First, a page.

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New Lancet Oncology publication - Defining a research and policy agenda for betel quid and areca nut

, by Hedieh Mehrtash

Credit: National Cancer Institute

Betel quid and areca nut, typically made up of a mixture of areca nut and slaked lime wrapped in a betel leaf with added flavorings, is a known risk factor for many oral and other associated cancers. There are more than 600 million betel quid or areca nut users worldwide (or 10% of the world’s population), making it a critical global cancer control issue. With its use steeped in culture and tradition, the use of betel quid and areca nut is widely unregulated, and poses a significant and understudied health threat to the Asia-Pacific region where prevalence is high. Unlike many forms of smoked tobacco, the two are widely used by women in regions where common. Betel quid and areca use also extends beyond the Asia-Pacific region to diaspora and migrant communities in the U.S., South Africa, and parts of Europe and the Middle East. 

After nearly two years of effort, the National Cancer Institute Center for Global Health, in coordination with global experts on betel quid and areca nut research, have published the findings from the International Conference on Betel Quid and Areca Nut (held in Kuala Lumpur, Malaysia on April 27-28, 2016) in Lancet Oncology.

The Lancet Oncology policy review, Defining a Global Research and Policy Agenda for Betel Quid and Areca Nut, highlights evidence on the harms of both areca nut and betel quid use, particularly in the Asia-Pacific region. The authors from the National Cancer Institute included: Ms. Hedieh Mehrtash, Ms. Kalina Duncan, Dr. Mark Parascandola, Dr. Paul Pearlman and Dr. Edward L. Trimble.

The topic areas covered in the review include: 1) Products, patterns of use and epidemiology of betel quid/areca nut related cancers; 2) Biology of addiction and use; 3) Behavioral factors in addiction and dependence; 4) Prevention and control (including cessation); 5) Screening and early diagnosis of oral cancers; and 6) Policy and economics.

Panel: Recommendations for future research directions on betel quid and areca nut use

  • Characterization of the types of betel quid and areca net products and their use across populations in the Asia-Pacific region
  • Strengthen the understanding of the biological and behavioural basis of areca nut dependence to aid in the development of effective prevention and cessation interventions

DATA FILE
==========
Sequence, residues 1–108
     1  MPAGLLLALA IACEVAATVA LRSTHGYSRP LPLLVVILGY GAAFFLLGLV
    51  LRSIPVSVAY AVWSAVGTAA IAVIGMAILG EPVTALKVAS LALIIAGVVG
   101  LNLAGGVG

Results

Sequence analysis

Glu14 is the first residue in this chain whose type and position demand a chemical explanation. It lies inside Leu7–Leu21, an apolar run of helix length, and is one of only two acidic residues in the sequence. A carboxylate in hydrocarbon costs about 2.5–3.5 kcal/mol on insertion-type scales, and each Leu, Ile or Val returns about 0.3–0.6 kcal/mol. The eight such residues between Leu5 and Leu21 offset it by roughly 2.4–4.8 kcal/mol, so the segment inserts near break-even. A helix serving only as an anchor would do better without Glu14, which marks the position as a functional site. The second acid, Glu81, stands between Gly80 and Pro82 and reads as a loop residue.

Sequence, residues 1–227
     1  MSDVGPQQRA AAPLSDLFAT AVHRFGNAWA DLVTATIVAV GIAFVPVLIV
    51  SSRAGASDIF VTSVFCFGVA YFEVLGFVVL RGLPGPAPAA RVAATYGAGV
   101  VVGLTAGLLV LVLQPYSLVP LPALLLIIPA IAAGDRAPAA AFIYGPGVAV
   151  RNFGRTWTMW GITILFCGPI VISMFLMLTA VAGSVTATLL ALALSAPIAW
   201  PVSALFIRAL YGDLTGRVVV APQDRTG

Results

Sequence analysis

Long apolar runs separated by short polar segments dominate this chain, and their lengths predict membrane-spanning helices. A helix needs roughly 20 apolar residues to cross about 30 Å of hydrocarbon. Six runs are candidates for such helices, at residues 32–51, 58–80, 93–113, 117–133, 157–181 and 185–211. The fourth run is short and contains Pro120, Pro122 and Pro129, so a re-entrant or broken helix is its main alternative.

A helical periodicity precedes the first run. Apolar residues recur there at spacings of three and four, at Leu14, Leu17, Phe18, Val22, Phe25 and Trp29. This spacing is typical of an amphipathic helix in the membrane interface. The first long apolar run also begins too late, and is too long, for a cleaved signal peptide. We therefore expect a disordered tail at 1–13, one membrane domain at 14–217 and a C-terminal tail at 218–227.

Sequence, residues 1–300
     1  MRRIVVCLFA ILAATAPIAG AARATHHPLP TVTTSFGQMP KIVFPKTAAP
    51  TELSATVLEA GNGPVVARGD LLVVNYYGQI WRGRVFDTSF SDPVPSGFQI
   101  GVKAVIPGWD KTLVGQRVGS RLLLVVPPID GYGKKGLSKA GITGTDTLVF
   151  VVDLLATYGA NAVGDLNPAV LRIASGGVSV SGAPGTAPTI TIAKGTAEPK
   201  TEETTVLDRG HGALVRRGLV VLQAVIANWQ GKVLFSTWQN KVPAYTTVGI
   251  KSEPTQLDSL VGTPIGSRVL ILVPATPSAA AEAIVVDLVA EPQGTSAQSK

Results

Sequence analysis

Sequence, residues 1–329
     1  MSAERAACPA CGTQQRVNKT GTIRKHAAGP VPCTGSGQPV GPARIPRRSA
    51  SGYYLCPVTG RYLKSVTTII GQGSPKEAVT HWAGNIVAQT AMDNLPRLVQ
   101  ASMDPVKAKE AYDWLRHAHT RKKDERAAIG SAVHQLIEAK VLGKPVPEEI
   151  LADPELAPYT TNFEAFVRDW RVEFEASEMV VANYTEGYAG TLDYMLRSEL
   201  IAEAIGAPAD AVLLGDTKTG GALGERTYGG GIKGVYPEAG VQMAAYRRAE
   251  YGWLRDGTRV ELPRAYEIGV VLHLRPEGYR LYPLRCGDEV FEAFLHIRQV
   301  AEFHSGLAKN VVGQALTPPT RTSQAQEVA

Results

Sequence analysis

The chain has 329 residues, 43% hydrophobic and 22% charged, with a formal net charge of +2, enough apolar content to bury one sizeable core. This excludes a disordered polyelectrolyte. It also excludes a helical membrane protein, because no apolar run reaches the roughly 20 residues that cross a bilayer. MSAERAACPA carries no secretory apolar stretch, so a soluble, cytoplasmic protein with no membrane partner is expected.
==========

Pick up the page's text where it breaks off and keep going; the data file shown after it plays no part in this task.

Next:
• Development and evaluation of targeted betel quid and areca nut use prevention and cessation methods that include the evaluation of existing prevention campaigns and messages, and defining the role of health-care providers in prevention and cessation interventions
  • Study of the cultural and social conventions that motivate the use of betel quid and areca nut products
  • Quantification of the dose-response relationships between various betel quid and areca nut products, with and without tobacco, and the risk of oral and oesophageal cancers
  • Development, evaluation, and implementation of effective screening and early diagnosis programmes for oral cancers
  • Completion and implementation of translational research to best apply effective policy interventions in tobacco control to this diverse field to mitigate the potential risk of disease

Moreover, the authors collectively state that unlike tobacco control, there is no treaty or framework to guide policy on reducing the burden of areca nut and betel quid use. to the review petitions for the need of guidance similar to the MPOWER strategies which are part of the WHO Framework Convention on Tobacco Control: however, this will require focus on both areca nut and betel quid.

Most recently, as an outcome of the efforts around betel quid and areca nut, the World Health Organization’s Pacific Regional Office held a workshop, Subregional Workshop on Tobacco and Betel Nut, that presented an opportunity to discuss the importance of the key research recommendations and the current evidence on the impact of areca nut and tobacco use on health, in an effort to support countries in the region develop evidence-based strategies for betel quid and areca nut control.

International Conference on Betel Quid and Areca Nut, April 2016 in Malaysia

It is our hope that our contribution to the body of knowledge produced on betel quid and areca nut-associated cancers will facilitate new research collaborations and projects among investigators from all countries.

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Addressing a silent killer – WHO Western Pacific Region Sub-Regional Workshop on Betel (Areca) Nut and Tobacco Use